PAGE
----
codex constellatiaWith the release of “Codex Constellatia,” the band’s sophomore effort, we not only get a return from Chasma, one that might finally turn the tide of public opinion toward this awesome band, but we also have our first Moribund release of 2013. Not sure what happened there, but that label hadn’t put out anything new since the last Canis Duris album in November, but they follow that up explosively with this effort. As for Chasma, they’re still making terrifying noises that sound like they were inspired by some great cataclysm in space. They remain heavy and pulverizingly melodic, and they intersperse little bits of dialog samples here and there to maintain a mood. Yeah, that’s been done a million times before, but they keep it to a minimum and use the pieces to full effectiveness.

Chasma’s lineup remains intact from their debut, as Ryan Whyte handles bass and vocals, Aaron Schomaker is on drums and vocals, and Brandon Gordon is responsible for the mountains of guitars you’ll hear on this record that sound massive, but not obtrusively so. The songs move along poetically and seamlessly, and much like their debut, you can get caught up and lost in these songs and find yourself on the other side of this 44-minute album wondering where time went.

“Burning Shapeless” opens with a clean melody line and some eeriness, then some noise drone slips in, and the intensity slowly ramps up. A ferocious assault breaks out, though it’s cut a bit by atmosphere, and the shrieking vocals are fully of intensity and blackness. It’s a strong opener that is a sign of promise for what’s ahead. “Solarsin” has a dark, dreary intro, and the tempo stays murky and mysterious as it moves along. Interestingly, they choose some fairly violent, disturbing quotes form the 2009 film “The Road,” one of the last movies I ever thought would be incorporated into a black metal song, but it really works well. “Forbidden Symmetry” follows and is an instrumental interlude that is weirdly cosmic and makes you feel like you’re floating into a wormhole.

“Wormwood Horizon,” the longest cut at 11:51, also is situated in slow-melting guitars and whirry oddness, and the noise slips into shoegaze thunder and a flood of sound. There are noisy sizzles and some clean passages weaved into the song, and toward the end a really bright melody comes into the scene and adds some positive color. It feels like black metal terror interpreted through an ISIS filter. Suddenly, things don’t seem as horrific, even if that’s just the personality of the music telling you that. Closer “Reflections” is, well, reflective as it opens, making it sound like the album might expire on a contemplative note, but then it explodes with fiery shrieks and metallic panic. Yes, there are some moments that are calmer than others and let you have a breath now and again, but eventually the doors get blown off again, and moody punishment takes you to the end of the road. If you find at the end of this thing you floated away now and again and did some mental exploration, you’re not alone.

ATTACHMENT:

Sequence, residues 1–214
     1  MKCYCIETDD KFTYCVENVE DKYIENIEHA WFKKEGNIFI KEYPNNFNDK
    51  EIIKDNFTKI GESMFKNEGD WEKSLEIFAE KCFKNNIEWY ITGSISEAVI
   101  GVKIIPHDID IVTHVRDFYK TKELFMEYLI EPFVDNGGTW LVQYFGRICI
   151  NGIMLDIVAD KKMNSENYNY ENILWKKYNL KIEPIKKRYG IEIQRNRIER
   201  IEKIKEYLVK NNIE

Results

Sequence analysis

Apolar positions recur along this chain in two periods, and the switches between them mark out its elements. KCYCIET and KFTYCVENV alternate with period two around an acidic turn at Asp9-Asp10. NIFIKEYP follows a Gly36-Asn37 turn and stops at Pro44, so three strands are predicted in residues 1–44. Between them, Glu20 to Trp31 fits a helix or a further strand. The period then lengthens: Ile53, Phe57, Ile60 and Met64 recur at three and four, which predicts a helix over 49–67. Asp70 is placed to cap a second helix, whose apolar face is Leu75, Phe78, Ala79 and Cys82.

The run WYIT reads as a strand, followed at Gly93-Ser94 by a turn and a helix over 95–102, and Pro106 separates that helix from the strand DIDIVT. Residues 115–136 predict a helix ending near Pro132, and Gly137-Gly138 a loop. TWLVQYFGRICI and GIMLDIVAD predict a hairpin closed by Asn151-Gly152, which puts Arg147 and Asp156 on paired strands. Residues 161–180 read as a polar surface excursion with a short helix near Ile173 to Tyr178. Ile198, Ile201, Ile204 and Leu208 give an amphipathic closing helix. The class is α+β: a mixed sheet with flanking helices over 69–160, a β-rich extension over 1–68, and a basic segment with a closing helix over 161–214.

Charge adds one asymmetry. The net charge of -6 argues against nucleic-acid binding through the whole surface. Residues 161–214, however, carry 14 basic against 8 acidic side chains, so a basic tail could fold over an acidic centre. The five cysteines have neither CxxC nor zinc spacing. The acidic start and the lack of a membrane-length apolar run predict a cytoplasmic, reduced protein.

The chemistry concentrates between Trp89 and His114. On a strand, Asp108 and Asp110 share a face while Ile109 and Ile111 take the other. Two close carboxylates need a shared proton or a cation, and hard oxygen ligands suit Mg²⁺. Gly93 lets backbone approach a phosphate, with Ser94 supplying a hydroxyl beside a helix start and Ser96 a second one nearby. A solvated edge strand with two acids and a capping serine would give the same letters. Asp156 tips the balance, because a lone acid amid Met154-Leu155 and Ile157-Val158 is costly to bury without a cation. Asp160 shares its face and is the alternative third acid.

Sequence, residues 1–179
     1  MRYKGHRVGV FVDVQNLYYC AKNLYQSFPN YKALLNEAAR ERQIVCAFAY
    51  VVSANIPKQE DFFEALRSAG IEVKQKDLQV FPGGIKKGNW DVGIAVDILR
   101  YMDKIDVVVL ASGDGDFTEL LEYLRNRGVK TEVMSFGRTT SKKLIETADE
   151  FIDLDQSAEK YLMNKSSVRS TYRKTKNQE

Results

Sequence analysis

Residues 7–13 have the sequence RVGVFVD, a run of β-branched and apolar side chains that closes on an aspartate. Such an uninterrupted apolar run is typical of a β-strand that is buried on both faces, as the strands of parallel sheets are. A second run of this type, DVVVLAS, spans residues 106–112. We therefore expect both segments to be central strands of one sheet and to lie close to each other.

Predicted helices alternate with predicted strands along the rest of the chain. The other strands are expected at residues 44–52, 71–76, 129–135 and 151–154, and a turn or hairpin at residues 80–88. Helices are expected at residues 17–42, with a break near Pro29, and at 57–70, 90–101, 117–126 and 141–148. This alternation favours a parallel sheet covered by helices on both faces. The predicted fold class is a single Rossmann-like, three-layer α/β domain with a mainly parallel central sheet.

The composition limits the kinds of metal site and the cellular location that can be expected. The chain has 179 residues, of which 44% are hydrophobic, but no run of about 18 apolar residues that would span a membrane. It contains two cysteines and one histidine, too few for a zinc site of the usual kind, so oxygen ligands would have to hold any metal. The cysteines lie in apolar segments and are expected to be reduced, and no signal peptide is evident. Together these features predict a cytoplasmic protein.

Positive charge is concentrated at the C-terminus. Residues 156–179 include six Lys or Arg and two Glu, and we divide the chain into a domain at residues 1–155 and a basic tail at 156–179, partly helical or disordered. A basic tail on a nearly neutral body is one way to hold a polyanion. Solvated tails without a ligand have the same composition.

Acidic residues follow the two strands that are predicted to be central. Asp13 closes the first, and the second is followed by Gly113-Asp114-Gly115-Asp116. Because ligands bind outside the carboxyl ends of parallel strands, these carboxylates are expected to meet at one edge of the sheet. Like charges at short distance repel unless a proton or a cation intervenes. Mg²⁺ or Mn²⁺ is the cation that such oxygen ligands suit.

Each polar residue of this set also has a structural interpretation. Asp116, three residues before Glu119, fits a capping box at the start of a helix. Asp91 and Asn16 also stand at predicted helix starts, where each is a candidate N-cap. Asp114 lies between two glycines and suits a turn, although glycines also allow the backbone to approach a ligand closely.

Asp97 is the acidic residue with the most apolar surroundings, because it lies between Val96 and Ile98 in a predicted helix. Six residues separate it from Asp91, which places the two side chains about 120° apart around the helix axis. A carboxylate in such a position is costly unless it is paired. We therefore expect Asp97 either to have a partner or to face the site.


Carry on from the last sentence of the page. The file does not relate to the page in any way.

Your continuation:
Chasma should be a bigger deal and should get far more mention than they do, but maybe this record will fix all of that. “Codex Constellatia” is a strong sophomore effort from this trio that never eases up on the drama or the fireworks. This is a band you want to check out right now if you’re behind the curve so that once everyone else catches up, you can ask where the fuck they’ve been all this time.

For more on the band, go here: https://www.facebook.com/chasmablack?ref=ts&fref=ts

To buy the album, go here: http://www.moribundcult.com/Merchant2/merchant.mvc?

For more on the album, go here: http://www.moribundcult.com/

Shrouded death metal terrorists Abyssal unleash unsettling hell on pair of albums

Abyssal band 1
Unconventional weirdness and terror always go over really well on this site, when done right, and really, don’t we have enough death metal bands that don’t strike a bit of panic or fright in your system? We’re on overload, and trust me, from the backlog of dull, weapon-less death metal marring my inbox, running into something truly horrific is a great gift.

It’s even better when you get a double dose of madness from the same band, which is what we have with Abyssal, a demonically warped death metal band out of the UK that is shrouded with mystery and encrusted in soil-rich doom. One could point to bands such as Portal or Paroxsihzem  for like-minded comparisons, but those aren’t 100 percent accurate. Finding an online presence for this band isn’t all that easy, that is if you’re seeking pertinent information such as who is in the band and matters such as those, but as we’ve said countless times, a band removing itself from easy access and public consumption of all of their personal data is refreshing and, in a way, a manner of making them more frightening. They’re faceless.